Michael and Kate are good friends, work colleagues, and additionally, Kate is an inspiration as a cancer survivor. During a conversation not too long ago, Michael told me they lived in the east end of Toronto, near the St. John’s Norway church and cemetery. I was able to share with him a little of my family’s history in Toronto’s east end and specifically, that my great grandparents, Alexander Shand Hadden and Jessie McKenzie Hadden (nee Gaull) were buried in St. John’s Norway cemetery but that I had yet to find their grave and headstone.
Kate seized the opportunity to provide a summer distraction and a bit of a history lesson for their children. So off they marched on “The Hadden Hunt” – an adventure to see if they could find my great grandparents! First, a bit of the magnitude of the search – the cemetery covers about 35 acres of land and contains about 50,000 graves. Little wonder I couldn’t find the grave and a daunting task for my friend and her children.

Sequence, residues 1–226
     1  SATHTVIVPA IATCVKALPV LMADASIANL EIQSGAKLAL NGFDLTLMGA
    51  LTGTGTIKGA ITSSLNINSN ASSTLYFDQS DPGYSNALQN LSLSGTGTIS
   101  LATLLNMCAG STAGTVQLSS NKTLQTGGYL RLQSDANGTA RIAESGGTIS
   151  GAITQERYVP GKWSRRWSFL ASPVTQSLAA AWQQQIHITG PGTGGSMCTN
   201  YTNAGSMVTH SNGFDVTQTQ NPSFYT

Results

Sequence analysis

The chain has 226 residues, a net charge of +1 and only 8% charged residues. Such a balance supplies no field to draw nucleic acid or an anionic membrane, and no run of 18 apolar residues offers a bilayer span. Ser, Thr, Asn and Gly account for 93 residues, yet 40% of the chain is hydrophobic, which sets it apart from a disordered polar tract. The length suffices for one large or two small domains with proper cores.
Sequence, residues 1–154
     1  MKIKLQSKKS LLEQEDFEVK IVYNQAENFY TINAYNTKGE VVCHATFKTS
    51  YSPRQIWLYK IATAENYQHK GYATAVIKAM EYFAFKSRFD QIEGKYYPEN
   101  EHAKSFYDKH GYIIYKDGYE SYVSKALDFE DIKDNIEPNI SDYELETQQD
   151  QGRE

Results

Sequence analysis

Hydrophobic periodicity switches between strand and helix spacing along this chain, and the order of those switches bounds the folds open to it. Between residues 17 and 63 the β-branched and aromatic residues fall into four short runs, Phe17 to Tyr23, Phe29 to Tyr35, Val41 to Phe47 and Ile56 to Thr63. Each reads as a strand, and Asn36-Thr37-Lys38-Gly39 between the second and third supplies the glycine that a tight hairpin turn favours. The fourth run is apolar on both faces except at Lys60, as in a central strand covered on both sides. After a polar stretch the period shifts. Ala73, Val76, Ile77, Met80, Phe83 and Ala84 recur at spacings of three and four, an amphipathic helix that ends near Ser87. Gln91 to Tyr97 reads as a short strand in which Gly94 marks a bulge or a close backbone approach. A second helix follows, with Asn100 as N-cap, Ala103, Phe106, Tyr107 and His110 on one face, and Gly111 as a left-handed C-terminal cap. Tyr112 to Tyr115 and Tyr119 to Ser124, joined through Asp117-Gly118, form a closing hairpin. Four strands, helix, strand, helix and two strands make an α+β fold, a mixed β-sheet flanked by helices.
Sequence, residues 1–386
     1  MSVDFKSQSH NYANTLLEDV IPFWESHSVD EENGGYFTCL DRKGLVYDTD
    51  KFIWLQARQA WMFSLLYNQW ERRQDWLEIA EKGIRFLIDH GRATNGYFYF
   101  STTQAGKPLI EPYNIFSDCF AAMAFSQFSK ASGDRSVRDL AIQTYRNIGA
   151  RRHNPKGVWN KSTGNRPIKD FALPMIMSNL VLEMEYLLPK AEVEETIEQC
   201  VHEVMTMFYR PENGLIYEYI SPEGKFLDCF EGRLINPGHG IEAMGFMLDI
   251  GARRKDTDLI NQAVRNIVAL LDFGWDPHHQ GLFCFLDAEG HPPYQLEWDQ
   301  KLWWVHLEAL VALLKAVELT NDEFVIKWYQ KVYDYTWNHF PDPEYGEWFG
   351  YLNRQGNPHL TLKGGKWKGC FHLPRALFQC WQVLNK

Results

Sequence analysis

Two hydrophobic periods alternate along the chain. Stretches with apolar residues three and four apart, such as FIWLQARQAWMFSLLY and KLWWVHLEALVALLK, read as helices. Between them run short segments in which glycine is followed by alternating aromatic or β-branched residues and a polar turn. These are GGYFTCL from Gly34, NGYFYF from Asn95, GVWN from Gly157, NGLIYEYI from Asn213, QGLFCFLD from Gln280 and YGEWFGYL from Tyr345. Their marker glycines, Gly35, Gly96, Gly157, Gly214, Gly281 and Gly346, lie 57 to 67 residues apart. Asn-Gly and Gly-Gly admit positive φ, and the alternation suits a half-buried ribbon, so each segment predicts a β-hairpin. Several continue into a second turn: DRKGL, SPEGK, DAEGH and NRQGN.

I was able to provide a general location for the grave that older family members have over the years passed on to me – north-west part of the cemetery, a stone that lies flat on the ground near the cemetery’s back fence, and both my great grandparents had died in 1945 within a few months of each other.
The grave and headstone was located in a low lying area, the inscription not fully visible due to years of growth around the stone. An easy solution was provided by the sleuths – gain the assistance of a cemetery worker who dug the stone out (pictured below), cleaned it off and re-laid it after explaining that the stone rested directly above my great grandparents heads and that they were facing east.
Photos of the event recorded the successful adventure and were quickly shared with me through Facebook.
For the first time, I have seen the headstone of my Hadden ancestors and I have the photo above to show for it!